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From 7am GMT April 4th to 7am GMT April 5th
30% more RP for destroying naval targets on all planes
20% discount for aircraft qualification from the list below:
USA: TBF-1c, PBY-5 Catalina, PBY-5a Catalina | BTD-1
Germany: SM.79 1941, SM.79bis/L, He.111H-6
USSR: IL-4 | PBY-5a Catalina (USSR)
Great Britain: Beaufort Mk.VIII, Beaufighter Mk.VIc, Beaufighter Mk.X, Beaufighter Mk.21, Swordfish Mk.I, Wellington Mk.Ic, Wellington Mk.Ic/L, Wellington Mk.III, Wellington Mk.X.
Japan: B5N2, B7A2, H6K4, G4M1.
Torpedo bombing had been developed in the very earliest days of military aviation. The idea of converting a torpedo to be air dropped was first conceived in the United States, but it was the Royal Naval Air Service in Britain who dropped the first successful aerial torpedo and in 1915 sunk the first enemy ship by aerial torpedo attack.
Whilst other aspects of maritime aviation had fallen by the wayside in Britain, torpedo delivery tactics and techniques were still very much at the forefront. Standard attacks would, as with the dive bomber, begin at heights of several thousand feet so as to increase the chances of spotting the target. RAF Coastal Command often operated very differently to this; if reliable information had been supplied regarding the exact location of enemy shipping, RAF torpedo bombers would approach only a few feet above the waves to secure the element of surprise. Once the target was identified, height was adjusted for the torpedo attack. This height varied for different aircraft types; Fleet Air Arm Swordfish aimed to drop their torpedoes from between 50 and 70 feet whereas RAF Hampdens would carry out their torpedo run at 80 feet. The height was calculated so that the torpedo would enter the water at an angle of between 14 and 24 degrees – if the torpedo was too steep it could simply sink, if too shallow it could bounce or even somersault. Furthermore, this was relying on a fairly smooth sea state; rough seas would complicate things even further. The fact that the ship was moving and the torpedo typically travelling at speeds of only 40 knots made things even more difficult; on the Swordfish, the pilot was assisted by a bar torpedo sight – a row of lamps in front of the windscreen spaced at intervals of four degrees. The pilot would visually judge how fast he believed the target ship was travelling at and then input this data into the sight. A lamp would illuminate along the site based on the target vessel’s speed and once the ship’s bow had lined up with the sight the pilot would release the torpedo. The distance also had to be judged correctly as if the torpedo was dropped too far away it would simply run out of fuel and be easier to evade, whereas if it was too close it would not have enough time to arm. However, as complicated as this sounds so far, all of this is based on a ship which is not attempting to evade and with the pilot not receiving any incoming defensive fire!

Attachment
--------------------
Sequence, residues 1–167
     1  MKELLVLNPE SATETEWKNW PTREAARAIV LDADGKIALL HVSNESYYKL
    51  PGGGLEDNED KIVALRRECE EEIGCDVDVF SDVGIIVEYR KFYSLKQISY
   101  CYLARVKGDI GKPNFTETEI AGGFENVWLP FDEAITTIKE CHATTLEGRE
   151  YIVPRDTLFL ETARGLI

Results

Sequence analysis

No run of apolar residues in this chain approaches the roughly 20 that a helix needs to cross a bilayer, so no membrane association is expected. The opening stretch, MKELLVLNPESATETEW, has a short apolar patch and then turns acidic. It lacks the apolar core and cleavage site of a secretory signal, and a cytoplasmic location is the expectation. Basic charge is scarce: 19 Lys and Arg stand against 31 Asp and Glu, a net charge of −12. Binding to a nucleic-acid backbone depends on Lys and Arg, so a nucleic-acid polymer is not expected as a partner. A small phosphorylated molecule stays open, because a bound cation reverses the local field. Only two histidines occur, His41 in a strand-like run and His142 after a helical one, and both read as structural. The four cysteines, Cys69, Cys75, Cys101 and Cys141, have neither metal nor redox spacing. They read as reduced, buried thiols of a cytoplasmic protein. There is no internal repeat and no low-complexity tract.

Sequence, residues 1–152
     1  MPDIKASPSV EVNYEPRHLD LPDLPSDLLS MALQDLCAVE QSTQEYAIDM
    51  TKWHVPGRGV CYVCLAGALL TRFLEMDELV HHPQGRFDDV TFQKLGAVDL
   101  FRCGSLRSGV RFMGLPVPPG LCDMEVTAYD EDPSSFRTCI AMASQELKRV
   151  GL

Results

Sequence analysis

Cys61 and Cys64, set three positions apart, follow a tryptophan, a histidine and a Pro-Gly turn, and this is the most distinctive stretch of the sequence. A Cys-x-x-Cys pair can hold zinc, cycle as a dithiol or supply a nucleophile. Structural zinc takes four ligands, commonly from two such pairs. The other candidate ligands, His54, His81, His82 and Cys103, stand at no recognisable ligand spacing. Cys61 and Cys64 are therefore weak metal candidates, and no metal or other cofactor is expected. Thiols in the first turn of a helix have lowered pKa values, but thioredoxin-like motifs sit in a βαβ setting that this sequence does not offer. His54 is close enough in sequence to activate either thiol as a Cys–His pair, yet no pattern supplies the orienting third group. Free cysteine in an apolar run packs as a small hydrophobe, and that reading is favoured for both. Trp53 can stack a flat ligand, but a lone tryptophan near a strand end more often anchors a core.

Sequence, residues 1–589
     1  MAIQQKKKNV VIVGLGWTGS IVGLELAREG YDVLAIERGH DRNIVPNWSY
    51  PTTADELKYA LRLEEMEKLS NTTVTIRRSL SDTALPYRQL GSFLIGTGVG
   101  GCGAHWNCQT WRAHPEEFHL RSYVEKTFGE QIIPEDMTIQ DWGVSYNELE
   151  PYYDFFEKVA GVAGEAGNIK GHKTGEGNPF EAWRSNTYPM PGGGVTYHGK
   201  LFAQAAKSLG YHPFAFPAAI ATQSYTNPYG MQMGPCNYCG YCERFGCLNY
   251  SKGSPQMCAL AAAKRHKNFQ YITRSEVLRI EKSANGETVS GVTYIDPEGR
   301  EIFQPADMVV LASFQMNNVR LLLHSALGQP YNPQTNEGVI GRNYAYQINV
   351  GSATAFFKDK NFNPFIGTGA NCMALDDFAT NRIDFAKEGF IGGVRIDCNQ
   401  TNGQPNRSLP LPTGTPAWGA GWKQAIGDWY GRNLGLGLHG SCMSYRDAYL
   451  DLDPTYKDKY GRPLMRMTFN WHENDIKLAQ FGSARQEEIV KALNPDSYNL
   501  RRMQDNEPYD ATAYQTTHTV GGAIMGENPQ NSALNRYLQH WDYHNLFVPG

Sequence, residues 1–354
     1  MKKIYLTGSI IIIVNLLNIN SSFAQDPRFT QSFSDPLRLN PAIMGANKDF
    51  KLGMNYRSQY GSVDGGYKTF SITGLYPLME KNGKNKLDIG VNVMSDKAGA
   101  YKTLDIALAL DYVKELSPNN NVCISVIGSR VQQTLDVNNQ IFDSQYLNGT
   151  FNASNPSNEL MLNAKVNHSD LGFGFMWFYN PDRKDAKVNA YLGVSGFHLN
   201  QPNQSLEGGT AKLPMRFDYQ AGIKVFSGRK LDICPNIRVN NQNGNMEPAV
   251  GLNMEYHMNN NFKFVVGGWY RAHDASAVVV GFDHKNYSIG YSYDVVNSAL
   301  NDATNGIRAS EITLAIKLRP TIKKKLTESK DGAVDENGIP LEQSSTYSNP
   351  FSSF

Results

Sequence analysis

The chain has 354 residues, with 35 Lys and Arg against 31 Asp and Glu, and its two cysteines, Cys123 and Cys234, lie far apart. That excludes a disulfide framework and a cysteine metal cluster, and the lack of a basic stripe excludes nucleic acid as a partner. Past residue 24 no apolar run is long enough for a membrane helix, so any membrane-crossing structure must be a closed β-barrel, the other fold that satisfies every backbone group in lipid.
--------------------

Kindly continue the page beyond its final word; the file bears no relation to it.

For the best chances of success, Fleet Air Arm doctrine was for pilots to attack from an angle of 60 degrees from the bow, aiming to drop torpedoes typically from ranges of less than 2000 yards, although successful attacks were reported from as far as 4000 yards. A ship had a fairly good chance of being able to evade a solitary torpedo (submarine attacks had the advantage of surprise and would still often fire a spread of several torpedoes) so Fleet Air Arm doctrine was to attack in groups. A Sub Flight of three aircraft might attack from 60 degrees from the bow, whilst simultaneously a second group of three aircraft would attack from the same angle on the other side of the bow. For a typical convoy attack, Luftwaffe torpedo bomber crews would attack in groups of between 20 and 40 aircraft, approaching at about 150 feet. For the run-in itself , German tactics called for a formation change from ketten (vics) to line abreast with 300 yards between each aircraft. After releasing weapons from the same height and some 1000 yards from the target, the attack ran a similar profile to that of allied pilots. However, Luftwaffe torpedo bombers tended to be medium sized aircraft with twin engines and a correspondingly larger payload; two torpedoes were normally carried and also normally launched at the same target.
One of the best choices open to a ship captain under attack was to turn directly towards attacking aircraft in an attempt to sail in between the ‘teeth’ of the torpedo ‘comb’ established by attacking aircraft. This also presented attacking torpedo bombers with the narrowest possible silhouette to attack, and decreased the time available to attacking pilots due to the closing speed.
Decals to be added in the future updates:
USN VT-3 Squadron Insignia,
Navy Torpedo Squadron 3, USS Enterprise, 1942
Author: Jej 'CharlieFoxtrot' Ortiz
No. 820 Naval Air Squadron Insignia,
Fleet Air Arm
Author: Jej 'CharlieFoxtrot' Ortiz
Mark Barber, War Thunder Historical Consultant
Mark Barber is a pilot in the British Royal Navy's Fleet Air Arm. His first book was published by Osprey Publishing in 2008; subsequently, he has written several more titles for Osprey and has also published articles for several magazines, including the UK's top selling aviation magazine 'FlyPast'. His main areas of interest are British Naval Aviation in the First and Second World Wars and RAF Fighter Command in the Second World War. He currently works with Gaijin Entertainment as a Historical Consultant, helping to run the Historical Section of the War Thunder forums and heading up the Ace of the Month series.